After completing most of the fundamental structure of the planning, we suggested that the family meet to facilitate a conversation about their “why.” That initial meeting has led to regular quarterly family meetings in which the children are being gradually educated not only about the financial aspects of the family’s giving but also about its strong philanthropic values. Additionally, there’s now a strong relationship between the current advisory team and the next generation of the family.
Steps to Take
Don’t be shy about reaching out to NextGen in the families you work with. You want to educate the teens and young adults in client families about what they could possibly inherit and how they’re going to inherit. This is one of the biggest disconnects in our entire economy: parents don’t tell their kids what they’re giving, so the kids aren’t prepared for the responsibility that comes with receiving a windfall (or partial windfall).
Typically, the estate plan isn’t set up properly. Kids have a chance to lose the money to a divorce, lawsuit or simply squander it. Your clients have spent their whole lives working so hard to accumulate wealth, but their estate plan—if they have one—isn’t set up correctly, and the kids could lose the money in 25 minutes.
The family need to understand the basic mechanics of wealth transfer and the responsibility that goes along with it. Don’t wait for them to come to you for help. You should be leading the charge for communication between the generations. You may need to step in and say: “Hey. We need to have a family meeting. I need to meet your kids.” Kids need to know what to do if something happens to you. They need to know who to call.
Obviously, these aren’t the kinds of conversations many families want to have when they get together for the holidays or when vacationing together at the family beach house or lake cottage. But again, you need to be proactive about facilitating this conversation. Make it part of your normal practice. We can Zoom now. Don’t let different time zones and busy schedules get in the way of helping the generations of the families you work with communicate better about transferring, protecting and growing their wealth.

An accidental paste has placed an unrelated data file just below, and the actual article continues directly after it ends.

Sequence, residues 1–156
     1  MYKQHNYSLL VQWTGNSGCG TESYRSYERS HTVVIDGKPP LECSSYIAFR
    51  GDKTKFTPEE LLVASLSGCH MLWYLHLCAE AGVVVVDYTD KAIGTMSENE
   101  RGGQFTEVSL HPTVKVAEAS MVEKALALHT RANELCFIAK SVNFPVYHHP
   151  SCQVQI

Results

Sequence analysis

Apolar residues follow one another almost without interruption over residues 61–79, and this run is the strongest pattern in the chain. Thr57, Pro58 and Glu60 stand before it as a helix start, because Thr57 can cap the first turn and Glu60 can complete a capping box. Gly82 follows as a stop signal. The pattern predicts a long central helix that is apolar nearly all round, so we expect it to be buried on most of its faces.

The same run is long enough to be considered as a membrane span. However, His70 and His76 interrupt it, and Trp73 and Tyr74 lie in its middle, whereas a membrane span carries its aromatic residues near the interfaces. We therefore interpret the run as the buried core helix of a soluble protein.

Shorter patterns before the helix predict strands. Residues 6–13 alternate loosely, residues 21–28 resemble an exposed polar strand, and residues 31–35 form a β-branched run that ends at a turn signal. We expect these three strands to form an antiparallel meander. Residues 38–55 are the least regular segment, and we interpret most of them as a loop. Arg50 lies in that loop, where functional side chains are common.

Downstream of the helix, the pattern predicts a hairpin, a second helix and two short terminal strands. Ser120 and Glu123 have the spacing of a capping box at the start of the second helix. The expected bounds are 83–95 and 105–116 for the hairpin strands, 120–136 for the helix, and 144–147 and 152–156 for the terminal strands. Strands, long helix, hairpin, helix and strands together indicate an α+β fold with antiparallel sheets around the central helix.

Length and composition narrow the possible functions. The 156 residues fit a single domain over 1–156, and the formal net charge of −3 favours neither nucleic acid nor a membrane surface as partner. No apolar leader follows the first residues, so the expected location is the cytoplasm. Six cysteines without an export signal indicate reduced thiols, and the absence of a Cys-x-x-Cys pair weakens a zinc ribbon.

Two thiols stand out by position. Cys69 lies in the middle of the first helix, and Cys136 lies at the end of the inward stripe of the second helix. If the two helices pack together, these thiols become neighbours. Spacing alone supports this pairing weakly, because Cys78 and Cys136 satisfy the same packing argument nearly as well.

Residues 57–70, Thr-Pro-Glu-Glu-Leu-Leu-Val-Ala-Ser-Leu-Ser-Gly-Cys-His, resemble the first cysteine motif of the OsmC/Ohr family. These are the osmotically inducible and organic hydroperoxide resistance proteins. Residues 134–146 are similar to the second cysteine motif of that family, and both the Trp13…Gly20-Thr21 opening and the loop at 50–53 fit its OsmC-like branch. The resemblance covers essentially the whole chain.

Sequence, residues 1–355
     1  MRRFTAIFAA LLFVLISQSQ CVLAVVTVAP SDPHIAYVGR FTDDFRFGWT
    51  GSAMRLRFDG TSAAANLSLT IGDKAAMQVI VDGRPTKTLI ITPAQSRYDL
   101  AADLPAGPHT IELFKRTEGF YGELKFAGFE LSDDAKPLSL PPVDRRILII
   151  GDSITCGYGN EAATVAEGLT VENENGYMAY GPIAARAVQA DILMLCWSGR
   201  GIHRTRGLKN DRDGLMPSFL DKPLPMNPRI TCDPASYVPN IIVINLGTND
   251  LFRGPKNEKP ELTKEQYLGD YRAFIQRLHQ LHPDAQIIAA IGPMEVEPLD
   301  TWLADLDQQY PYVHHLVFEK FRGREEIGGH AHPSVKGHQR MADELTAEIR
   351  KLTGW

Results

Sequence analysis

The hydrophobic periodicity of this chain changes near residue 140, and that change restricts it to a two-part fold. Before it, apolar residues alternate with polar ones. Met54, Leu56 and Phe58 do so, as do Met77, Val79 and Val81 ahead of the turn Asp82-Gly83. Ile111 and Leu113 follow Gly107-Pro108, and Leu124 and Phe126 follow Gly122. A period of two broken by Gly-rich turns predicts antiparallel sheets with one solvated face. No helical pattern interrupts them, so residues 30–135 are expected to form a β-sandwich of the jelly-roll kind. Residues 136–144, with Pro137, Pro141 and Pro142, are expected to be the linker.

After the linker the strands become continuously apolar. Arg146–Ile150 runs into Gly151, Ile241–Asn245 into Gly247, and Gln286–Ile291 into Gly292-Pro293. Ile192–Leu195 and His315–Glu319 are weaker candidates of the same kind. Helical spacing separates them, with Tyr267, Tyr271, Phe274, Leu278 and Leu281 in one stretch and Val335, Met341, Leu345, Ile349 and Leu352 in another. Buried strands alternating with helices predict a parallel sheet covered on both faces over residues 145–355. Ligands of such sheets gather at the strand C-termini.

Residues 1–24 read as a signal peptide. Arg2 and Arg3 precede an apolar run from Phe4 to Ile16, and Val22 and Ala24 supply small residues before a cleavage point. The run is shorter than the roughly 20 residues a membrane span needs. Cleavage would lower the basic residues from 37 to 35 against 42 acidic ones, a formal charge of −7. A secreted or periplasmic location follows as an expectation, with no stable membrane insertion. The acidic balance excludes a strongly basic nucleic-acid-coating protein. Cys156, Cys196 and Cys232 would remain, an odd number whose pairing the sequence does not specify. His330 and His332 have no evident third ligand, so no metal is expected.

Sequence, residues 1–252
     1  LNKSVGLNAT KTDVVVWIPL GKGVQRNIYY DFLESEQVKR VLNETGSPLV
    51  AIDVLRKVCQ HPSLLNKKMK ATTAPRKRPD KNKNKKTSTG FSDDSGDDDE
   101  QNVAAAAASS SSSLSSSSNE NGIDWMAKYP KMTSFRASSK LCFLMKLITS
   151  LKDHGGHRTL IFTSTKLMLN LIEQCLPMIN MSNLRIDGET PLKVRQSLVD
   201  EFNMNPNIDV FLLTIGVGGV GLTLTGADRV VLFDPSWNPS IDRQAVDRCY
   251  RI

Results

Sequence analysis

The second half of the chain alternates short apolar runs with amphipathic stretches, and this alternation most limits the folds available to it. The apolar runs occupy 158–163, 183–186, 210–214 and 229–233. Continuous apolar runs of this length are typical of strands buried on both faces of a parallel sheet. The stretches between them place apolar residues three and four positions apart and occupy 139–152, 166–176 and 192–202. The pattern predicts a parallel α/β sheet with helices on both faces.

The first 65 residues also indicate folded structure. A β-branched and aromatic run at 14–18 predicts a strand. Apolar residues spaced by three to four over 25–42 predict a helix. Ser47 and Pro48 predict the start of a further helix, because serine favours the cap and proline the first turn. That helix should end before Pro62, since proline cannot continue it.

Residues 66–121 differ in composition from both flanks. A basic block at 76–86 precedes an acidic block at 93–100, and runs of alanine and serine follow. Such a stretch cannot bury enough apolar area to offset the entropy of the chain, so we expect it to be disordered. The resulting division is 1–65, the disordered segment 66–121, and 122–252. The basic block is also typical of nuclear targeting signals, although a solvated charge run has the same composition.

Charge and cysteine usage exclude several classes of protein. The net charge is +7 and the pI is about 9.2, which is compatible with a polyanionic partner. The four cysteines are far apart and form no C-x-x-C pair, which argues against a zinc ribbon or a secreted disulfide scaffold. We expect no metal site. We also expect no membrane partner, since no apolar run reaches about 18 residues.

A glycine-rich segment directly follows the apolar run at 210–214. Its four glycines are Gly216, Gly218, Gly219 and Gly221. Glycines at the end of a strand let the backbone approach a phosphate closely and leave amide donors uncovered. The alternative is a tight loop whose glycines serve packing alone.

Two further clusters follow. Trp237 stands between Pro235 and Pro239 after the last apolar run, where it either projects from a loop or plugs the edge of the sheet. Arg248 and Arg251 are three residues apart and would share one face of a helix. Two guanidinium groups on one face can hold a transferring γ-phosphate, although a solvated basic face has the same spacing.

And while NextGen has a reputation for being addicted to technology, you might also be encouraged to learn that 70% of young adults prefer to work with a human advisor rather than with an automated service, according to the aforementioned FreeWill survey. Findings are based a late 2022 survey of 1,000 U.S. adults ages 25-57 whose parents or grandparents have a financial advisor and who expect to receive an inheritance. Two in five respondents (39%) expected to receive at least $250,000.
I realize philanthropy is uncharted territory for most advisors and for some it might feel uncomfortable. However, if you truly want to help the families you work with over many generations, it is worth the time and effort to pursue conversations about giving with your clients.